“Of course, you’re Harry,” Mrs Creevey said, with a brave smile. “I’ve seen so many photographs, you wouldn’t believe. You were a wonderful friend to Colin, you really helped him to find his feet at that school.”

“I’m so sorry,” Harry whispered.

“He was very brave,” she said, and behind her Mr Creevey nodded agreement, his white face impassive. “Neville told Dennis all about what happened. He said Colin was a hero.”

“He was,” Harry agreed. “He was crucial to defeating … you know …”

“We know.” She tilted her chin up. “Dennis showed us the paper this morning.” The Prophet had run two pages on the lad who would not leave his friends to die alone and, for probably the only time in his life, Harry was grateful to Rita Skeeter.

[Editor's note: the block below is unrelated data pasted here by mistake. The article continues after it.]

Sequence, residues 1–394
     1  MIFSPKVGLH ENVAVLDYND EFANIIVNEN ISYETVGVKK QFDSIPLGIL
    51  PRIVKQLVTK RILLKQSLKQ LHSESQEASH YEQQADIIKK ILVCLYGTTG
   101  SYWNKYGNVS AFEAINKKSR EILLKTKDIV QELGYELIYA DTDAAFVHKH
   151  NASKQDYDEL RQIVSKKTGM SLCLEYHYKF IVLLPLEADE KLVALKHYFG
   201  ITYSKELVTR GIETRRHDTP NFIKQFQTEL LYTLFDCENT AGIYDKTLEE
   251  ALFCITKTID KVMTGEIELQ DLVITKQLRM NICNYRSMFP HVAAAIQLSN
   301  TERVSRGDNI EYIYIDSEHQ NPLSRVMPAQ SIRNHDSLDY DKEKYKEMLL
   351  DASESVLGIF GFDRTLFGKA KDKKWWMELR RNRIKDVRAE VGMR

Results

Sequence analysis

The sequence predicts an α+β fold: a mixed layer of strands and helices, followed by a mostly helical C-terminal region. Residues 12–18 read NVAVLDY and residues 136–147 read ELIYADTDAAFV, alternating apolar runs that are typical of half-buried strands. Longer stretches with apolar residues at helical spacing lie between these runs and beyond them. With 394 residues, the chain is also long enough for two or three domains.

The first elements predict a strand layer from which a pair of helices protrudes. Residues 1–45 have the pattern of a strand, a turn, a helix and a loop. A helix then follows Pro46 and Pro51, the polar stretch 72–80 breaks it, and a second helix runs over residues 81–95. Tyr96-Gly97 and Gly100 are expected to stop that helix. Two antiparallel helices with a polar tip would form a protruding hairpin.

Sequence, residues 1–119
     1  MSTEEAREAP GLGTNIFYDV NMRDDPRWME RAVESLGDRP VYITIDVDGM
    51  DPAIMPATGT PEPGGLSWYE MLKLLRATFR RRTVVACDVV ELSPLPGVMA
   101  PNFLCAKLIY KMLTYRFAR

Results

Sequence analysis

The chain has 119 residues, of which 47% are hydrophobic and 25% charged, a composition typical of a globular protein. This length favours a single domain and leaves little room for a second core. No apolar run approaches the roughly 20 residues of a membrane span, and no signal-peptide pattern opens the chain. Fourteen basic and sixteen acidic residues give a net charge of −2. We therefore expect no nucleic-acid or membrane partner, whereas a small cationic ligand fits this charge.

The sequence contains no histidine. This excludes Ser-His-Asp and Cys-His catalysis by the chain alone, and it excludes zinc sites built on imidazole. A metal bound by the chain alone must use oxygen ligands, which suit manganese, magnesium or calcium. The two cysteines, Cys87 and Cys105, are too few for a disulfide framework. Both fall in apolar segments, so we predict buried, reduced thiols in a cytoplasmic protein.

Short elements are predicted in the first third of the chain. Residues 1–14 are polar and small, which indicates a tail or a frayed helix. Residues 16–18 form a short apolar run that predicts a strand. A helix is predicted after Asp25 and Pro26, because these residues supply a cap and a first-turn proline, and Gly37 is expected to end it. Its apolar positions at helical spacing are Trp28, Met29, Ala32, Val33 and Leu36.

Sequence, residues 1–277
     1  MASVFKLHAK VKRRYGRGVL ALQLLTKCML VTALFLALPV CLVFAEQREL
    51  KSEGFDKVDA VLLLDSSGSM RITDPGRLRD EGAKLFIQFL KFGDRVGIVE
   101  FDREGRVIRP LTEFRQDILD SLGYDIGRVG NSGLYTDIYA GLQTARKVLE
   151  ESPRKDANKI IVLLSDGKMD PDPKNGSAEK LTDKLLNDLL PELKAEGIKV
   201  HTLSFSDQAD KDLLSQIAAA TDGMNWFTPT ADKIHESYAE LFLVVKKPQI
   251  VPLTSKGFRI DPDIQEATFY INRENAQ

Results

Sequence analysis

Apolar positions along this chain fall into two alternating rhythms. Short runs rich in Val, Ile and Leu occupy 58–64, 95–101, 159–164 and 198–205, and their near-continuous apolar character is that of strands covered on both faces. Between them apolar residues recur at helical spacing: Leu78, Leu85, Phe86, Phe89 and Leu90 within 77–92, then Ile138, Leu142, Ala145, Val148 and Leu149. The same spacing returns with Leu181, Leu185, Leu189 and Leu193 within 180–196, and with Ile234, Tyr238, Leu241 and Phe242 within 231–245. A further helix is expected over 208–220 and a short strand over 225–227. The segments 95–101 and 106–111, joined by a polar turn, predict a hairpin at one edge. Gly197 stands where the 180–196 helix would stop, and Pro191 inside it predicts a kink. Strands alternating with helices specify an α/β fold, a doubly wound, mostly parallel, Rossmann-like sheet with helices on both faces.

“Every word is true,” Harry told her in a strong voice. “And he saved more people than they counted. You should be very proud.”

“That’s what Neville said, too,” Mrs Creevey whispered. Her husband’s hand tightened on her shoulder, and, with a smile goodbye, they moved on.

A large hand descended on Harry’s shoulder. He turned to find Neville beside him. They stood there for a long time.

“Potter, Longbottom, I am taking us to lunch.” McGonagall’s brogue broke the moment.

She piled them into a taxi and directed it to a club that looked as though it had not changed since the boyhood of Albus Dumbledore.

“Is this a Muggle club, Professor?” Neville asked.

“I had an adventurous girlhood,” she replied, signing them in.

The dining room was still, quiet and safe. She ordered steak with mash and steamed vegetables for all of them. “Because I know that we all skipped breakfast and we need to keep our strength up today.” Then she ordered doubles of the best single malt on the list, with a splash of spring water. “Because we are keeping our strength up for funerals, and I don’t think we should face another one completely sober.”